Thank you Cheenius and Butter Boy for a delicious evening!

butter cream

(we started with this)

churning the butter

(then we took turns churning)

shaking the jar

(and we took turns shaking)

butter in the churn

(we peeked a couple times for status updates)

antique butter stamp

(we did not use Cheenius’ antique butter stamp)

jar of almost-butter

(the jar butter is almost done)

bread for our butter

(butter vehicles)

jar of butter

(it’s ready!)

butter from the jar

(the jar butter)

rinsing the butter

(rinsing the churned butter)


(we did it! let’s eat!)

HP in Australia #2: Perth

Perth is a peaceful, clean, easy to navigate playground for outdoor activities, with its river setting, biking and running paths, and ubiquitous green spaces, capped off by the enormous (larger than Central Park) Kings Park. It’s not all about fresh air though: go downtown Saturday night for some fantastic people-watching, as the ladies (oddly, it really is just the ladies) get all gussied up to hit the bars. Pro tip: don’t wear flip flops if you go out in the evenings, as most places have a dress code banning them.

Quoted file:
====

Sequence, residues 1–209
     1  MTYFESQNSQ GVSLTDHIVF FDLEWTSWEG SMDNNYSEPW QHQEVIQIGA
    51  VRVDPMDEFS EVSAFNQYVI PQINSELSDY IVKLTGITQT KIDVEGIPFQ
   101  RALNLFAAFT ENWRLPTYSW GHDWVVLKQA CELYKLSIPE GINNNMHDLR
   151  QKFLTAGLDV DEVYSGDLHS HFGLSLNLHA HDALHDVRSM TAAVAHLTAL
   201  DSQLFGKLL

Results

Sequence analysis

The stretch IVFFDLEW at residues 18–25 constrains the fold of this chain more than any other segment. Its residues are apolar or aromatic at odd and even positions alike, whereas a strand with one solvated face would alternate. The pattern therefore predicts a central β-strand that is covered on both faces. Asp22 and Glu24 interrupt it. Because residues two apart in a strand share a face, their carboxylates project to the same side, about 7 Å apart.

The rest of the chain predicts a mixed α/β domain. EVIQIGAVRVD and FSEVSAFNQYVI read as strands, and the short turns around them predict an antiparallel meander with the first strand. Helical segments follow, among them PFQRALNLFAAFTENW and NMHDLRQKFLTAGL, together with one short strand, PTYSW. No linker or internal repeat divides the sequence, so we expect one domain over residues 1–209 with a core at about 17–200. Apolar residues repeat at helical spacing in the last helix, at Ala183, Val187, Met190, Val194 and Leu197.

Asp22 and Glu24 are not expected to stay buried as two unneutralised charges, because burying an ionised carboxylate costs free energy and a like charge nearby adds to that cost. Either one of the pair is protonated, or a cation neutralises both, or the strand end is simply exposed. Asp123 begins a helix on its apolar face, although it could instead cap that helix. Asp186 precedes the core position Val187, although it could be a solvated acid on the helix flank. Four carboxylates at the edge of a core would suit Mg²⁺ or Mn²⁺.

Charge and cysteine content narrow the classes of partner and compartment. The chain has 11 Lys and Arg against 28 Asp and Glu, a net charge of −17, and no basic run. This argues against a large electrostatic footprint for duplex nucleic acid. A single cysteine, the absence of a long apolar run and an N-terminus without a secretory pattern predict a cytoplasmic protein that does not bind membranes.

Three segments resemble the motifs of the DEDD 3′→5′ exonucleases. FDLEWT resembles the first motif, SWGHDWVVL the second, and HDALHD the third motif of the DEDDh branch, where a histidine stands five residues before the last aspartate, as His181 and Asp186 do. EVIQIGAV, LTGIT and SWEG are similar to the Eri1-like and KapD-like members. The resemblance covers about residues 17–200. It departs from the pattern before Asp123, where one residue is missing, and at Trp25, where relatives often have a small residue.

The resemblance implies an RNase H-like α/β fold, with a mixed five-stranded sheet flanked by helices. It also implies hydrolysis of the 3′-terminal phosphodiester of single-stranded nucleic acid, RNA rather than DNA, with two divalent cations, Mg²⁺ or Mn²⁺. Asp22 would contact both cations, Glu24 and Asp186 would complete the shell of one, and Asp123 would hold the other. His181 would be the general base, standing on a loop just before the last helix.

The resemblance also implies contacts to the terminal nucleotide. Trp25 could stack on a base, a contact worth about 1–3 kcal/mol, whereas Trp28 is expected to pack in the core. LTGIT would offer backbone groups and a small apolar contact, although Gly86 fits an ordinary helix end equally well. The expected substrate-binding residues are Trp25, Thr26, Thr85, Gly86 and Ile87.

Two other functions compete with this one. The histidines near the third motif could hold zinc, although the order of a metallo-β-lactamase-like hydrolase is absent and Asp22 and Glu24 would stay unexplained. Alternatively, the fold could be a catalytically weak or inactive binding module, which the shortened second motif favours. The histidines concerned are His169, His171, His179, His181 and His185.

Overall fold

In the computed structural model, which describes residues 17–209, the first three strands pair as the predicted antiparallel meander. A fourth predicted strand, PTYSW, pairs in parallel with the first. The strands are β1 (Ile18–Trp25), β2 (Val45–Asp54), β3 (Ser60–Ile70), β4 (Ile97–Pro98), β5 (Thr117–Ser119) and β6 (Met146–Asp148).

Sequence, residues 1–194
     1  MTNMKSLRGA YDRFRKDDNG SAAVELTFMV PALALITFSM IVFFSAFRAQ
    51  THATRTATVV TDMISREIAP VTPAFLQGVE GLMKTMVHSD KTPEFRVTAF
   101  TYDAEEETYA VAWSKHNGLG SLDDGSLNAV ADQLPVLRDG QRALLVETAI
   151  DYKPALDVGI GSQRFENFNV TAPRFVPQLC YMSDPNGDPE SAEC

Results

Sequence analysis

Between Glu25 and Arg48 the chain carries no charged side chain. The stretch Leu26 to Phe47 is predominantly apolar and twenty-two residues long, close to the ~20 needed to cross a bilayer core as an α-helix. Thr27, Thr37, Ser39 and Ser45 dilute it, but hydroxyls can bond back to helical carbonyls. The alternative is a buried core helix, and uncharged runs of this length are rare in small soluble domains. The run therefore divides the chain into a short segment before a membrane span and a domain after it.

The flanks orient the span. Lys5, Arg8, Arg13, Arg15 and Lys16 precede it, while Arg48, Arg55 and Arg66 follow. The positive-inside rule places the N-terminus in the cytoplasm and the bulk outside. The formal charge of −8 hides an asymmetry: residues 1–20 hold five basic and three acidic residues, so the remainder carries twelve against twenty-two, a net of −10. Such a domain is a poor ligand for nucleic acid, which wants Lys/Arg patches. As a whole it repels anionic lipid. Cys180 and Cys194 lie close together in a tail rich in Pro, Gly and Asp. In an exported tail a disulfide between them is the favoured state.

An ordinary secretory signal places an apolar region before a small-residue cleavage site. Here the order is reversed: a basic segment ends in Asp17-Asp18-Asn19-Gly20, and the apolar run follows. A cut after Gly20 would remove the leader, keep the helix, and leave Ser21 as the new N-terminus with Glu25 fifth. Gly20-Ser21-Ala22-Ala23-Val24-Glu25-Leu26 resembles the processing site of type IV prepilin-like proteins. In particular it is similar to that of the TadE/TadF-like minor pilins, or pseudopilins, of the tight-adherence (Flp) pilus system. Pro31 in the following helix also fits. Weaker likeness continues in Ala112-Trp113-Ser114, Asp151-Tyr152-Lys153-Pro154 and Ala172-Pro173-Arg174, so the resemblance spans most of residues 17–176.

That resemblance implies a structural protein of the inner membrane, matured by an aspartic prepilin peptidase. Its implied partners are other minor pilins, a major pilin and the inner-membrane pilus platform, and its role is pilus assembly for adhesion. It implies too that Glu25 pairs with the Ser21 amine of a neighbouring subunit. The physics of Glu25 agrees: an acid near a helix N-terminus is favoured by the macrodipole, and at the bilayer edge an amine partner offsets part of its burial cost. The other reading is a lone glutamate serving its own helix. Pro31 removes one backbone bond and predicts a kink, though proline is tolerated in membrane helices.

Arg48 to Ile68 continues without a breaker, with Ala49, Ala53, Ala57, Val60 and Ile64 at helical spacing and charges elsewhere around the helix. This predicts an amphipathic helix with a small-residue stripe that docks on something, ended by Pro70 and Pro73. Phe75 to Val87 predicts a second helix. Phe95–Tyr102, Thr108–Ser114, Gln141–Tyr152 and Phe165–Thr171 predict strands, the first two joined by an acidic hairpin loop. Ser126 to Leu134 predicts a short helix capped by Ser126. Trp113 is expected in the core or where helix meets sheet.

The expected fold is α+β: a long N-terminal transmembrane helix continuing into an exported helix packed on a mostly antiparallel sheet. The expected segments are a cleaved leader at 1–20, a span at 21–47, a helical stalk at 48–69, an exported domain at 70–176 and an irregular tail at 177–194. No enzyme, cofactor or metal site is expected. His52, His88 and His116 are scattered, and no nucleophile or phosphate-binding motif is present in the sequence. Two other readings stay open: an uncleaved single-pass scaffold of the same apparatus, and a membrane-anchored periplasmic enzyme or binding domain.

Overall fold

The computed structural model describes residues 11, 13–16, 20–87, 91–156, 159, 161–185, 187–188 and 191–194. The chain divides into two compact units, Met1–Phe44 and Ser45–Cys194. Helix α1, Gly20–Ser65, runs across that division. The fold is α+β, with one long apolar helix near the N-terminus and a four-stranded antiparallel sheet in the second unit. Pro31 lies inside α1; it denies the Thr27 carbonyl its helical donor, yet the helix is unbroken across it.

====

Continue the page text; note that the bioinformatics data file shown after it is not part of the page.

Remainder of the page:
Favorite things about Perth:

Jacob's Ladder

The view from Jacob's Ladder

Jacob’s Ladder, a popular workout location, is 242 stairs leading straight up to near the entrance to Kings Park. Go there early to share a great workout and fabulous views with half of Perth’s population. You will be sore for days.Lemon scented gum trees

Lemon-scented gum trees smell amazing and have a unique look. Find the column above at the entrance to Kings Park.

Western Australia coat of arms

In the Western Australia government coat of arms, the kangaroos are holding boomerangs!

wild kangaroos

Wild kangaroos! A thoughtful local took us to a lovely park-like cemetery north of Perth to do some kangaroo-spotting. They were all over the place, lounging in the shade and nibbling the grass.

Perth bike lanes

Extensive bike lanes follow the river, and lead into and around the city for bike commuters, bike sightseers, runners and walkers. Remember to stay in the left lane!